Honiara is gateway to almost 1,000 islands and a melting pot of people from across the Solomon Archipelago.
It seems to be the national past time to complain about Honiara. Ples hemi derty an dusti tumus! - It’s too dirty and dusty! Foreign visitors usually don’t like it much either. It’s an organic place, bathed in the smells of spicy betel leaf and acrid smoke. But I have a soft spot for Honiara. As I make my way around the town, anyone that approaches me genuinely wants nothing more than to strike up a conversation, ask me how my day is and what I am up to in Solomon Islands. People are happy, friendly, and it is a safe place.
I’m spending a couple of nights here on my way to the field. I’ve begun my first day with a list of things to do, people to visit and supplies to pick up. However it’s inevitable that I don't get everything on my list done. It’s not merely the fact that things run on ‘Solomon time’. It’s also the heat, humidity, and rows and rows of Chinese shops that sell varying selections of the same set of core products. One has kitchen wares and non-perishable foods, the next has the same non-perishable foods and hardware, the next has the same hardware and kitchen wares! It means I spend the day walking back and forth trying to remember where I saw the big plastic container I needed. In the end, the heat clouds my concentration on the plastic container and I sit down under a big raintree with a cold drink and ‘stori’ with people instead. The conversations usually proceed the same way – where are you from? Are you married? Iu stap long time long Solomon Islands? - a question regarding how long I’ve been in Solomon Islands because people are surprised I can speak pidgin English.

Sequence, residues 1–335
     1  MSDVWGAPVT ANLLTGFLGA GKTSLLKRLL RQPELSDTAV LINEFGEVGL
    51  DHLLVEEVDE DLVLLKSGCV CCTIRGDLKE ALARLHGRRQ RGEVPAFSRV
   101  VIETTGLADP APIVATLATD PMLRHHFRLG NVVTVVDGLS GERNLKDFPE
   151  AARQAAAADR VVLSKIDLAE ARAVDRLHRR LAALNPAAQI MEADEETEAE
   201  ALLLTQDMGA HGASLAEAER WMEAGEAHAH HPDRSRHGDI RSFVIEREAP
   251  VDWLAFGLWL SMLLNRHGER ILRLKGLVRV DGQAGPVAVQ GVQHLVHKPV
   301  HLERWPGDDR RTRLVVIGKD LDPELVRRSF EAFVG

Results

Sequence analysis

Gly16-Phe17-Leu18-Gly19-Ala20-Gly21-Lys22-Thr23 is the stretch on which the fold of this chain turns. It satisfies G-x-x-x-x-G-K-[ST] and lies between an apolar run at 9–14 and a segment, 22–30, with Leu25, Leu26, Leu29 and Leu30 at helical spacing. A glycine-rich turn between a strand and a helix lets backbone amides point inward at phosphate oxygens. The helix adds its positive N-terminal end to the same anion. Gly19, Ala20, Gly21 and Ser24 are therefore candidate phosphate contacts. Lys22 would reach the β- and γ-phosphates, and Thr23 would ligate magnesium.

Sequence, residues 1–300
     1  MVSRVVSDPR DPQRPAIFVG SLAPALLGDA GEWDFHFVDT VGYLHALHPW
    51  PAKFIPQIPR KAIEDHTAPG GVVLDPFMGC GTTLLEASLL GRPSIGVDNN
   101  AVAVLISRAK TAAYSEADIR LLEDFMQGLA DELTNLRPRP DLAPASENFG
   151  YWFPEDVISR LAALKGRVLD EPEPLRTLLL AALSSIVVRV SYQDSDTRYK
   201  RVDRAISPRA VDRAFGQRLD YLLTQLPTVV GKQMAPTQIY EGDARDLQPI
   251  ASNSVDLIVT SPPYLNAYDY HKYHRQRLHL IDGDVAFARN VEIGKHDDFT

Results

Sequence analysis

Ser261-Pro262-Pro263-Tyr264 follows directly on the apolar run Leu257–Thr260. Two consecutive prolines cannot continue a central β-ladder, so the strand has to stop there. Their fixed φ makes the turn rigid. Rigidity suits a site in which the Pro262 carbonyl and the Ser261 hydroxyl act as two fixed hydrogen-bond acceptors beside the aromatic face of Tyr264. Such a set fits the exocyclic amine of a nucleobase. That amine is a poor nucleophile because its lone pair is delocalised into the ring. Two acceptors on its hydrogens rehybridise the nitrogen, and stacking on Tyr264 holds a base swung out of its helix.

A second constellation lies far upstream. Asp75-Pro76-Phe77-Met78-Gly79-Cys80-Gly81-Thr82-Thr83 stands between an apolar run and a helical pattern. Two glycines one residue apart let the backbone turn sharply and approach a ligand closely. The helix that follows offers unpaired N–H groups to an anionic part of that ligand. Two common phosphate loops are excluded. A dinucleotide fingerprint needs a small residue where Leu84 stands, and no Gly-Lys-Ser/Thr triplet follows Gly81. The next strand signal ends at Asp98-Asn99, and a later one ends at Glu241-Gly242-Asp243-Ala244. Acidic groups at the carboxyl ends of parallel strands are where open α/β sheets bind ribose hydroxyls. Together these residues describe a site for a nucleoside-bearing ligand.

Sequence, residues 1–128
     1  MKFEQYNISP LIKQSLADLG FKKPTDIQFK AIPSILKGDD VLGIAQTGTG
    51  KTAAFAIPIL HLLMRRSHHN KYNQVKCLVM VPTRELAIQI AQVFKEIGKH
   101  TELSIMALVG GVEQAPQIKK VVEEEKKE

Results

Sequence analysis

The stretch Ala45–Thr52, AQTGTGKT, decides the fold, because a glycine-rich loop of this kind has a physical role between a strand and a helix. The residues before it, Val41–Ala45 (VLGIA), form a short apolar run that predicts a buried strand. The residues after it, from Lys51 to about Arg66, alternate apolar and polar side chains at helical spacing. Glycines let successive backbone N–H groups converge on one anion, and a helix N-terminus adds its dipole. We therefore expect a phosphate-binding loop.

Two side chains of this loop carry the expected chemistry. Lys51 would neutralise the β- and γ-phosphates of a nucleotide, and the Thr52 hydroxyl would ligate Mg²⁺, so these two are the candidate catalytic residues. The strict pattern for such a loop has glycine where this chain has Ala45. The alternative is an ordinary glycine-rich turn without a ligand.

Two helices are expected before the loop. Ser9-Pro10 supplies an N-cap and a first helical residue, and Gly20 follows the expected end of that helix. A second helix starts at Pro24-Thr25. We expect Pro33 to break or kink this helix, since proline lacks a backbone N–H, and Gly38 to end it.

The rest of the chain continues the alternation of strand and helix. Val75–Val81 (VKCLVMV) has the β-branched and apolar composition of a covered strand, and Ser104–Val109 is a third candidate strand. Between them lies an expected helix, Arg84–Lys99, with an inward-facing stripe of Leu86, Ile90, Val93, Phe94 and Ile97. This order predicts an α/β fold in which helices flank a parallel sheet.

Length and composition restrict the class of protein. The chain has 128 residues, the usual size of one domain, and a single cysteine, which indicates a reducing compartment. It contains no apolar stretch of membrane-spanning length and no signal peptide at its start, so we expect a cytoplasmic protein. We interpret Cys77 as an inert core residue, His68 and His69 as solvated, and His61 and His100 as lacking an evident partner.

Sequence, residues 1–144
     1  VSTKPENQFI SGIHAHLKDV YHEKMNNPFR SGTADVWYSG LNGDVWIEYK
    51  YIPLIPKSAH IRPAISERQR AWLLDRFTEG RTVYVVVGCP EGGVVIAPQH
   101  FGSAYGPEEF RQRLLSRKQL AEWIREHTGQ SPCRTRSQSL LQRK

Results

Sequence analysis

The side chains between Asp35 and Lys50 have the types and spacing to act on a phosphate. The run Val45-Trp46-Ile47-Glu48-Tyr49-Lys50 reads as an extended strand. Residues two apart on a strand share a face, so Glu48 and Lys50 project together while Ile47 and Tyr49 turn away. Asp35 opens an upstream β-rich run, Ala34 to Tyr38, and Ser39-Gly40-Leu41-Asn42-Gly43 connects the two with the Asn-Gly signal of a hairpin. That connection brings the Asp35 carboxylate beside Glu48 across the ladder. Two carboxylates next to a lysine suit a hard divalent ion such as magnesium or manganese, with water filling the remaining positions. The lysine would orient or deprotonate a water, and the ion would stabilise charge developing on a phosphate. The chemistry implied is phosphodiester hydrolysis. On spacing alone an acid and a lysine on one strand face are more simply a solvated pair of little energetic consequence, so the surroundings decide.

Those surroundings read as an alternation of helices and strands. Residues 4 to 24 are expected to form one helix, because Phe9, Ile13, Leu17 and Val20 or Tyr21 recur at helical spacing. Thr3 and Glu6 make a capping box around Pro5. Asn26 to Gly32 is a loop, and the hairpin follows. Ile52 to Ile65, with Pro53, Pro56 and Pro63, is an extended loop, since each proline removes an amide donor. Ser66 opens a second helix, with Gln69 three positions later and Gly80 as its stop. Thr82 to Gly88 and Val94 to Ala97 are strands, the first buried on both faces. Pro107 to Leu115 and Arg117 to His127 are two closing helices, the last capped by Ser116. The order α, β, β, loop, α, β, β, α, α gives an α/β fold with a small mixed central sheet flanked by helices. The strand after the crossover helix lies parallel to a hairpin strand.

From under the shade of a rain tree it’s a great place to people watch. Solomon Islands comprises almost 1,000 islands and the cultures, languages and appearance of people from across the islands are vastly different. The main islands are mostly Melanesian, the smaller outlying islands Polynesian, and there are Micronesians too.
Eventually the sun sets on another boiling day in Honiara. Kerosene lamps begin to glow warmly from the tiny wooden betel nut stands on the street where I’m staying. I’m packing my bags and double-checking I haven’t forgotten anything. Outside I can hear melodic pidgin and giggling as people stroll together in the cool evening air. Tomorrow will be a big day – setting off for Atoifi airport on Malaita.
Tyrone Lavery, AMRI
Dr Tyrone Lavery from the University of Queensland is the inaugural recipient of the Australian Museum Research Institute's Expedition Fellowship for 2015/16. Tyrone is playing a large part in AMRI's presence in the Solomon Islands over the coming months, where ground-breaking research on native mammal populations will take place. Tyrone's area of specialty is exotic bats and rats, hence his important role in the Australian Museum's Solomon Island Expedition. Tyrone will be providing periodic updates on his involvement in this research expedition, which can be followed through our AMRI Blog feed.